A Tale of Heroes
chapel, homeless

232 – “Questions Asked” – Shylai’a

Shylai’a and other homeless people in the OuterWall of Twynne Rivers shelter in an old Chapel. She wonders about what the old man said.

The next day brought heavy snow to Twynne Rivers, with steady winds. Instead of light flakes dancing to the ground on musical breezes, the snow chunks fell swiftly, angled by the wind, onto the streets and roofs of the city. 

Inside the old chapel, Shylai’a and many other homeless sat by a fire in the center of the floor. The chapel was a sturdy structure, one of the largest in this area of the Outerwall quarter, with a high, vaulted ceiling. Not as big as a full cathedral, as it only had two rooms: the chapel and a storage room behind the altar. The chapel floor had been cleared of pews, most of which had been hacked to pieces to use as firewood, so a scattered collection of a dozen or so people huddled around a makeshift fire pit in the center. The smoke rose up and swirled out the broken windows above them, as the wind blew through, scattering some snow into the sanctuary. The roof was old, but mostly complete, offering good protection from the storm. 

Shylai’a shivered with the draft, knowing that it would have been far worse for her to be out in the direct wind and snow.

The incident at the bridge had left her confused. There must have been some magic there. Something the old man did. She had thought about it as she had walked all the way through the dark streets and alleys to the chapel. When she had arrived, she had been quiet and sullen as the others of her beggars bond had shared what crusts and scraps they had managed to scrounge that day. Then they had set guards and all curled up for the night. 

When she took her turn at watch, she still felt troubled. If the guard had seen him using magic, he could have been arrested, maybe beaten. Why would he do that? Why would he risk his life or comfort to help me?

The winds had picked up in the dark of the night. The cold helped keep her awake during her shift. She was not even halfway through when there was a thump on the main door, and it pushed open with a creak. Shylai’a jumped to her feet, tossed her cloak off her shoulder and drew her sword. In a couple of fast strides she was between the door and her fellow beggars.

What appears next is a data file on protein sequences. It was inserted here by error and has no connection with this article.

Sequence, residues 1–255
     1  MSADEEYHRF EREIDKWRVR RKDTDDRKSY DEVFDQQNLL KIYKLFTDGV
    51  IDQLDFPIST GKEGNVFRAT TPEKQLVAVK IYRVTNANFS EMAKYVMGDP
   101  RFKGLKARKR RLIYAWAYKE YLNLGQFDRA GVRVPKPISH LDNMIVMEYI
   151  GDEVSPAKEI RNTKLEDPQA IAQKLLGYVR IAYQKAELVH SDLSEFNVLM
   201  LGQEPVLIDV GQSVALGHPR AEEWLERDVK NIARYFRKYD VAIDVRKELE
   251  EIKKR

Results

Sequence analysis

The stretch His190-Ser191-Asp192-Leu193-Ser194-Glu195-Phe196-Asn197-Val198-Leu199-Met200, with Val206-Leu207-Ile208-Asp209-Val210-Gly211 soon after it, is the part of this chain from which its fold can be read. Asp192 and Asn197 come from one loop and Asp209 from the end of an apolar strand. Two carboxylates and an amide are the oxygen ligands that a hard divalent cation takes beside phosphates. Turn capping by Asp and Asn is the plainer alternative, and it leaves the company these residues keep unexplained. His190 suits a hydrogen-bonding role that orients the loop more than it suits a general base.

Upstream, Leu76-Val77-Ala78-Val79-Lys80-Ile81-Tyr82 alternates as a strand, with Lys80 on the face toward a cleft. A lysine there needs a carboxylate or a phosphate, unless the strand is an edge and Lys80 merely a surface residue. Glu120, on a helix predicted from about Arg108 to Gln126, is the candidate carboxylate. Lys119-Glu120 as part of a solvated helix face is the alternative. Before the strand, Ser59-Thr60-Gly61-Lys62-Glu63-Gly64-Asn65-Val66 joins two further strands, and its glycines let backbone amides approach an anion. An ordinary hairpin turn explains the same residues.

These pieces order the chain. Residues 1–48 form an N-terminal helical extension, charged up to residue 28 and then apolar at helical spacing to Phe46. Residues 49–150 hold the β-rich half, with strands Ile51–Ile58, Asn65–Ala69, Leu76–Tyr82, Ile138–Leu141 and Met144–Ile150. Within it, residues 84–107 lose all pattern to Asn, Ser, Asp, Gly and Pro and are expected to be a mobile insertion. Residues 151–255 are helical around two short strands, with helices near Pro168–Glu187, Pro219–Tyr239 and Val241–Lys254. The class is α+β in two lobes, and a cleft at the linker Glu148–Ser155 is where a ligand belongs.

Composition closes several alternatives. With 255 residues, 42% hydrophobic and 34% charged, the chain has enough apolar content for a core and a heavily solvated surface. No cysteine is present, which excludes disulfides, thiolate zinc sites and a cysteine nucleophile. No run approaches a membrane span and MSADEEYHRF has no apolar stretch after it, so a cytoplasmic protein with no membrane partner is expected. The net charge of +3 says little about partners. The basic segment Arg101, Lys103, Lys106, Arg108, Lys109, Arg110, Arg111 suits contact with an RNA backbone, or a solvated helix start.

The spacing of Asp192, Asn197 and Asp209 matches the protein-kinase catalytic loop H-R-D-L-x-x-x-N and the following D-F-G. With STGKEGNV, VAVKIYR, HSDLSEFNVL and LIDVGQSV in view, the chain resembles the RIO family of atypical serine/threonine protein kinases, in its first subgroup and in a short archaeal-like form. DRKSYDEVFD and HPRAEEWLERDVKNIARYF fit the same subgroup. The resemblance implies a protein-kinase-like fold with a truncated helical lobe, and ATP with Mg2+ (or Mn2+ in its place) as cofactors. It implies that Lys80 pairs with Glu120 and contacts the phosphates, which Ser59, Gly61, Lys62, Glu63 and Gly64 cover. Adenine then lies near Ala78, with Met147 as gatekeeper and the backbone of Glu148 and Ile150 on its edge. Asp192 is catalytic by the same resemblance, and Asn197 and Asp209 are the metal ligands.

Another homeless man.

A thin, frail man fell through, landing on his hands and knees. He crawled in as the snow blew over him. He wore only a tunic and leggings, and barely had the strength to move. 

Shylai’a sheathed her sword and stepped to the door, closing it behind him. She helped him stand and walked him over to the fire. Once he had sat down, she tossed on a few more wood sticks and took the small metal kettle off the flames. He held out his hands to the warmth of the fire as she shook out her own cup, then filled it with steaming broth water and handed it to him. 

He started to speak, but could only cough. 

“You don’t have to talk,” she whispered. She reached for her own threadbare blanket and draped it over his shoulders. “That’s the rule in this bond. No questions asked, and no answers needed. You’re homeless. You just share what you have and help as much as you can.”

He cradled the cup in shivering fingers and nodded.

Soon, her shift ended and she traded places with the next man. The new one was already asleep, curled before the fire, wrapped tightly in her blanket. She found a space on the floor and tugged her cloak around her. As she looked up at the dark chapel ceiling above her, more questions came. What am I afraid of? I’m NOT afraid! And what did he mean by renowned? This is about as far from renown as you can get! My guardsmen brothers have much more renown than this.

As a little girl, she had loved watching her brothers play at swords using only the wooden sticks they had in their Lord’s livery tool shack. She had wanted to jump in and play, too, but her brothers never allowed it. Girls don’t play with swords. She had practiced anyway, watching and learning. One by one, as they grew, they had enlisted into the city guard, while she was left behind. 

Homeless now.

What am I afraid of? What am I hiding from? Nothing! The city guard needs me! I don’t need them! I’ll show them all. There will be a day when they’ll know what they missed when they turned me away.

She tossed herself over and adjusted her cloak. I’ll show them renown. I may be nothing now, but when I get my earned name, this city will know me. 

The winds whistled and moaned an empty song through the chapel’s broken windows. 



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